The impact of the COVID-19 pandemic on pharmacy personnel in primary care

Weir, Natalie and Newham, Rosemary and Dunlop, Emma and Ferguson, Aimee and Bennie, Marion (2022) The impact of the COVID-19 pandemic on pharmacy personnel in primary care. Primary Health Care Research & Development, 23. e56. ISSN 1463-4236 (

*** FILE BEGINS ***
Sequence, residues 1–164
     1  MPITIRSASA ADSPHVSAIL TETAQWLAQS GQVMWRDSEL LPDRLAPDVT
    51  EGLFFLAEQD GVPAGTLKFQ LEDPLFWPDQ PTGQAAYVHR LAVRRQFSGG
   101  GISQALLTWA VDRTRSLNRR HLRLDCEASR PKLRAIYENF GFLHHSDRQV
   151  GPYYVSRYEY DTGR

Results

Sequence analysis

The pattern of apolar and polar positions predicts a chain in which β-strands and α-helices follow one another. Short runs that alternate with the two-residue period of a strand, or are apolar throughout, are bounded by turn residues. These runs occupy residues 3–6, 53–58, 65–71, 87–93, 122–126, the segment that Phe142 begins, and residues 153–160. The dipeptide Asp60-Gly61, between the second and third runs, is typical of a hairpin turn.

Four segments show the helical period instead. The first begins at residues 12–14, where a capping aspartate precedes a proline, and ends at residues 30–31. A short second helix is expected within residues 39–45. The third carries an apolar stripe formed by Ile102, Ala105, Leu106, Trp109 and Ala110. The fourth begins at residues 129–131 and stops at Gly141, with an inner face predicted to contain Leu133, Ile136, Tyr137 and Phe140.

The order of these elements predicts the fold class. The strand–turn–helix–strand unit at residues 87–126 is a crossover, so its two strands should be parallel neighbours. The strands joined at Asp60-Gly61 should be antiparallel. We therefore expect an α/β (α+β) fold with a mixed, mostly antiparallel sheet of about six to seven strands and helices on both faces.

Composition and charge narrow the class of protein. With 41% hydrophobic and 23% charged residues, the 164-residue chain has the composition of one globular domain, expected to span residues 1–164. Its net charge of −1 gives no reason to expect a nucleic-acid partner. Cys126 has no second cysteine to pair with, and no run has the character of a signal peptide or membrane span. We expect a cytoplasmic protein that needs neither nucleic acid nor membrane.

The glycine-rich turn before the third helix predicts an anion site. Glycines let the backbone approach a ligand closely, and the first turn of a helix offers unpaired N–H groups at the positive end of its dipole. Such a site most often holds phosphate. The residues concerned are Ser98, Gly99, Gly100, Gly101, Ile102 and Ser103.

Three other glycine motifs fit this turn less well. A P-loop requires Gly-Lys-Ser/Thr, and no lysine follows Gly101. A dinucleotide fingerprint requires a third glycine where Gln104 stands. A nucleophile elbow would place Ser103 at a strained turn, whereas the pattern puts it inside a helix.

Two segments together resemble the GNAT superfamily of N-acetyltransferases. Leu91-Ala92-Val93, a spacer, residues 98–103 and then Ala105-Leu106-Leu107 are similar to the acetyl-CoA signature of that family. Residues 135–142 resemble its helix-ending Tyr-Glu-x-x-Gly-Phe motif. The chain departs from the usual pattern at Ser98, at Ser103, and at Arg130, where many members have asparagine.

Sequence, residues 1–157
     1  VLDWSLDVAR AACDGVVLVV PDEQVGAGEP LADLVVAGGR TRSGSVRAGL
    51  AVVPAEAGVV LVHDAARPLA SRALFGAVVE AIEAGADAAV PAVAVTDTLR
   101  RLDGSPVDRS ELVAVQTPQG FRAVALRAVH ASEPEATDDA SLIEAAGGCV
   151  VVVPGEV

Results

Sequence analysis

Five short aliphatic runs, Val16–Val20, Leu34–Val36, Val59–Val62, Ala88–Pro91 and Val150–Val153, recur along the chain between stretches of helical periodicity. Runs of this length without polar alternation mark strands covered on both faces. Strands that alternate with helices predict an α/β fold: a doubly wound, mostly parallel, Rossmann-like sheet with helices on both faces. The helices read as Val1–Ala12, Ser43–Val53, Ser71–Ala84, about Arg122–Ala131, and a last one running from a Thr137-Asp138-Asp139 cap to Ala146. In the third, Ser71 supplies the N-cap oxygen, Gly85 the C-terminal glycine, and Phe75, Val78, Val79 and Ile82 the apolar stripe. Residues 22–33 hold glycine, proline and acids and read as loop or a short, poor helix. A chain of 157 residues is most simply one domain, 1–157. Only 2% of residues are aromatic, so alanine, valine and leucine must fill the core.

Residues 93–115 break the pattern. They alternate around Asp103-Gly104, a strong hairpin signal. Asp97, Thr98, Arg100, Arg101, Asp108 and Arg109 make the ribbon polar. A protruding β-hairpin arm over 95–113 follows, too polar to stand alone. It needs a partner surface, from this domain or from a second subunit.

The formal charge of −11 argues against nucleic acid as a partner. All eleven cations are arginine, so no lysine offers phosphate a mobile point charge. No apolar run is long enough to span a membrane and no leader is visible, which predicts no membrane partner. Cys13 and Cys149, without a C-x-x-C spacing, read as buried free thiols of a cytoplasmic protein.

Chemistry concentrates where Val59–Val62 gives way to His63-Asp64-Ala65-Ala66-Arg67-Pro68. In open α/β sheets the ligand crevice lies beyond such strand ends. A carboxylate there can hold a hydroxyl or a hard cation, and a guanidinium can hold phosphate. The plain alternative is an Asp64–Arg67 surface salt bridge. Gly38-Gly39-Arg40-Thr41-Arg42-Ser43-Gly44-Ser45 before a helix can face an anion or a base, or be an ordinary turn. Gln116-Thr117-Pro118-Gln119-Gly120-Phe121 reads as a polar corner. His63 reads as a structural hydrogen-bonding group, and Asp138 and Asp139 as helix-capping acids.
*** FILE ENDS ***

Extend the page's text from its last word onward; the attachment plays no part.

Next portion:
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Introduction The coronavirus (COVID-19) pandemic has impacted healthcare worldwide. It has altered service delivery and posed challenges to practitioners in relation to workload, wellbeing and support. Within primary care, changes in physicians' activities have been identified and innovative work solutions implemented. However, evidence is lacking regarding the impact of the pandemic on pharmacy personnel who work in primary care. Aim To explore the impact of the pandemic on the working practice (including the type of services provided) and job satisfaction of pharmacists and pharmacy technicians within Scottish general practice. Due to the stressful nature of the pandemic, we hypothesise that job satisfaction will have been negatively affected. Methods An online questionnaire was distributed in May-July 2021, approximately 15 months since initial lockdown measures in the UK. The questionnaire was informed by previous literature, and underwent expert review and piloting. Analysis involved descriptive statistics, non-parametric statistical tests, and thematic analysis. Results 180 participants responded (approximated 16.1% response rate): 134 pharmacists (74.4%) and 46 technicians (25.6%). Responses indicated greater involvement with administrative tasks and a reduction in the provision of clinical services, which was negatively perceived by pharmacists. There was an increase in remote working, although most participants continued to have a physical presence within general practices. Face-to-face interactions with patients reduced, which was negatively perceived by participants, and telephone consults were considered efficient yet less effective. Professional development activities were challenged by increased workloads and reduced support available. Although workplace stress was apparent, there was no indication of widespread job dissatisfaction. Conclusion The pandemic has impacted pharmacists and technicians but it is unknown if changes will be permanent, and there is a need to understand which changes should continue. Future research should explore the impact of altered service delivery, including remote working, on patient care.